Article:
Root competition in soils of different fertility: a paradox resolved?
Grubb, Peter J.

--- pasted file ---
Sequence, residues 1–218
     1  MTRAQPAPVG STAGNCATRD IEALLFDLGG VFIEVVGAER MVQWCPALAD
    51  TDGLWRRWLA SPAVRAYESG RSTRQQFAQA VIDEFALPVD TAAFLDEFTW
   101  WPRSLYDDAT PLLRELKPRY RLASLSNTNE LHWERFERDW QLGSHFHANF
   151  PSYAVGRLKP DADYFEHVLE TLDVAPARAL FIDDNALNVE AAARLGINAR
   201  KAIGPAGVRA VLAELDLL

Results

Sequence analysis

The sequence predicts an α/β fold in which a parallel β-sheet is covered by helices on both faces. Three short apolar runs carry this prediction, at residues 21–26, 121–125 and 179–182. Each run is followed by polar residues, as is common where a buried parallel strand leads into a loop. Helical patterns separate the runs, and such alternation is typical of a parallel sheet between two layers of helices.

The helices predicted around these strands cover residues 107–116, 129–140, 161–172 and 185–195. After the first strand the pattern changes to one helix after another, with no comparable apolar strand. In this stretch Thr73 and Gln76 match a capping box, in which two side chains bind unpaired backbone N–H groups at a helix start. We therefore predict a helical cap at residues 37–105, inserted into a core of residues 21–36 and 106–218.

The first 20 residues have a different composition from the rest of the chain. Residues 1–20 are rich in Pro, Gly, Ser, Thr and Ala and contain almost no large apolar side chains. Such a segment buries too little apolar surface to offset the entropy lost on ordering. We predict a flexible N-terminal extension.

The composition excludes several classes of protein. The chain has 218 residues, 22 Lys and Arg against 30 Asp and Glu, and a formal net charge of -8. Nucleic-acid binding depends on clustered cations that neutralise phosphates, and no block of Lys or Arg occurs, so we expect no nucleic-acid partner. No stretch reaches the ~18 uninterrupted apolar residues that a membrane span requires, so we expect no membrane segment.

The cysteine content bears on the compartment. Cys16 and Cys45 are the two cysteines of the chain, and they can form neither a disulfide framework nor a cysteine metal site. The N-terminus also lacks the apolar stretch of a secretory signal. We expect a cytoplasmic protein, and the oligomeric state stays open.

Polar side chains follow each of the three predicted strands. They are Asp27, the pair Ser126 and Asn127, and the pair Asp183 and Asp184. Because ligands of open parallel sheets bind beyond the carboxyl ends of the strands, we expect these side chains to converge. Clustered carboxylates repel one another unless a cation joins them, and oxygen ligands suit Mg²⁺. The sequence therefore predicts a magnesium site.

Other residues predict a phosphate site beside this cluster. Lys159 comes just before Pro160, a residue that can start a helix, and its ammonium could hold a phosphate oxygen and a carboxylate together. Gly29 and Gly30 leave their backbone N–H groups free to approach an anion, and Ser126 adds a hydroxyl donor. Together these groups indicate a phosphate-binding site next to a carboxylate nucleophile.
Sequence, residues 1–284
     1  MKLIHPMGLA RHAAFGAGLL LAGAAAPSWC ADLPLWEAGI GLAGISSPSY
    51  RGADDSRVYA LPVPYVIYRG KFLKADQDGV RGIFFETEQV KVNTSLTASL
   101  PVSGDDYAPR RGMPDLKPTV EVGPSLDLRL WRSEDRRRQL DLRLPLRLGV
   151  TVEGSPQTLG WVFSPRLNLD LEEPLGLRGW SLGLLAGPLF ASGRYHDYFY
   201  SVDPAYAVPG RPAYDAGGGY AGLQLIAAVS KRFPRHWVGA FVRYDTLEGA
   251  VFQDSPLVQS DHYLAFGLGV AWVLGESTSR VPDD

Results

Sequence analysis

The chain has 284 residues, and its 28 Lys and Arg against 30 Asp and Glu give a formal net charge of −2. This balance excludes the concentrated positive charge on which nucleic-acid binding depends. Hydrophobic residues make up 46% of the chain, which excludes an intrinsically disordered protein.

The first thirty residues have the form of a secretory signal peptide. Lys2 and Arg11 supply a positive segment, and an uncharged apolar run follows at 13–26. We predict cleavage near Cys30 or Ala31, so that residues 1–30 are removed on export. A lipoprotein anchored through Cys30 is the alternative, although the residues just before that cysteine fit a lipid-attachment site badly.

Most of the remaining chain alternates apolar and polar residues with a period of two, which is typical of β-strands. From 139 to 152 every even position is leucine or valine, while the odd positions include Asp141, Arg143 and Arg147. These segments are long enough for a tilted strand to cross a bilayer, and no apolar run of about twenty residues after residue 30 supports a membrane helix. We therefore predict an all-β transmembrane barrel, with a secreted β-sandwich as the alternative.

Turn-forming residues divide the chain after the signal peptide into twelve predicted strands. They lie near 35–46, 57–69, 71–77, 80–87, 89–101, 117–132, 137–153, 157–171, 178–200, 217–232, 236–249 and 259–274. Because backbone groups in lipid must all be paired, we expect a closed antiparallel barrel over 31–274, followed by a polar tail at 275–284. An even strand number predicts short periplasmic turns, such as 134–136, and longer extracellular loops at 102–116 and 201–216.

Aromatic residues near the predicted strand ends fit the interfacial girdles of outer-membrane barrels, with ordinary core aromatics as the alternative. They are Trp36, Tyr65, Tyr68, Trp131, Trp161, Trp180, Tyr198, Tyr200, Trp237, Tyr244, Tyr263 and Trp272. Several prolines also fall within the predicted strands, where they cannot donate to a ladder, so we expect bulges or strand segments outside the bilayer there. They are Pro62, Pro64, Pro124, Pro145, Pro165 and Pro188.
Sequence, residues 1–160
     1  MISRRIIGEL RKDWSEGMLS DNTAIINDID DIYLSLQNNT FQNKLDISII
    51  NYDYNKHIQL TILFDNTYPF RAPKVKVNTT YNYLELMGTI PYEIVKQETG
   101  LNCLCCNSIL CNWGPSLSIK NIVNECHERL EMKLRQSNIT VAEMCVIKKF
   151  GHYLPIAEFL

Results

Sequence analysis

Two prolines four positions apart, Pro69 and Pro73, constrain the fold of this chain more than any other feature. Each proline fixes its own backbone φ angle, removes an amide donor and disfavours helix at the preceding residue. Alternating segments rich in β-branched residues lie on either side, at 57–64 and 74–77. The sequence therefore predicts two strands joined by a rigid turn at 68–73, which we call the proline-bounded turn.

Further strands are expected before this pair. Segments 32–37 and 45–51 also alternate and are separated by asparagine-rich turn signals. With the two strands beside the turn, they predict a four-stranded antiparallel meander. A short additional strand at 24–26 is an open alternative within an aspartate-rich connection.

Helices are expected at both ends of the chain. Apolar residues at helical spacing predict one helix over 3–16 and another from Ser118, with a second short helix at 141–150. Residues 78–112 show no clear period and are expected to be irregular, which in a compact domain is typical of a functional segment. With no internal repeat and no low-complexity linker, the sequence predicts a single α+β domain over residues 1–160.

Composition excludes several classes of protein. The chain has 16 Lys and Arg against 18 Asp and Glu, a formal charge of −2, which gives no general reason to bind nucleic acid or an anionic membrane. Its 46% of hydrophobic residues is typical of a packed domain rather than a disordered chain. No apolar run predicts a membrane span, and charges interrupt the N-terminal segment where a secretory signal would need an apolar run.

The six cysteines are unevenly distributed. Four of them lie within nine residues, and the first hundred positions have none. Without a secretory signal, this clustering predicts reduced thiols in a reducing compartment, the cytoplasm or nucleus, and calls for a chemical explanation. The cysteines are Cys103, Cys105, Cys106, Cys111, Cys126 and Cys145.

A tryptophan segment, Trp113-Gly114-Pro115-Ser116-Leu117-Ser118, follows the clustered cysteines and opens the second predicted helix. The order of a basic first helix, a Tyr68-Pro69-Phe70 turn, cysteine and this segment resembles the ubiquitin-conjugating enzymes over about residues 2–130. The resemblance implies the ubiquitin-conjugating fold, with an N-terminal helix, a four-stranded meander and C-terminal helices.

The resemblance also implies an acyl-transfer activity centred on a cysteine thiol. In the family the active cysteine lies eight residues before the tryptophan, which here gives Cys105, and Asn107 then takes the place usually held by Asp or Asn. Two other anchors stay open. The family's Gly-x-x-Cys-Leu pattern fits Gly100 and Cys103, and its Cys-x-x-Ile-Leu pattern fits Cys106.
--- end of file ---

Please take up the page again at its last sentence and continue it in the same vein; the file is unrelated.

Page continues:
Observations on species richness of herbs and their cover in forests suggest that the impact of root competition is greater on nutrient-poor soils; experiments with root trenching and direct addition of nutrients tend to confirm this view. Paradoxically, experiments with target seedlings of herbs or trees in pots subjected to root competition from grasses (without appreciable shading) suggest that the impact of root competition is greater on soils richer in nutrients. It is proposed that the paradox can be resolved as a result of success in competition for nutrients being dependent on quite different plant properties in soil initially free of roots, and in soil with a relatively constant steady state mass of fine roots. In empty soil, by hypothesis, absolute growth rate and the ratio of root length to total plant mass will be most important, and a greater supply of nutrients in unit volume of soil will enable a plant with an inherent advantage to get further ahead in exploiting the newly available soil volume, and so have a greater inhibitory effect on the other plant. Where the soil has a fairly constant content of fine roots, the single most important factor is the ability of those roots to reduce the mean concentrations of nutrients in the soil solution; that ability is overcome when the rate of input of nutrients from mineralization etc is high, and thus enough nutrients are left over for potential invaders. The resolution of the paradox goes some way to resolving the conflicting views of J. P. Grime and D. Tilman on the relative impact of competition along gradients of nutrient availability. The final section considers the implications of the above argument for plants regenerating in forests, shrublands and grasslands.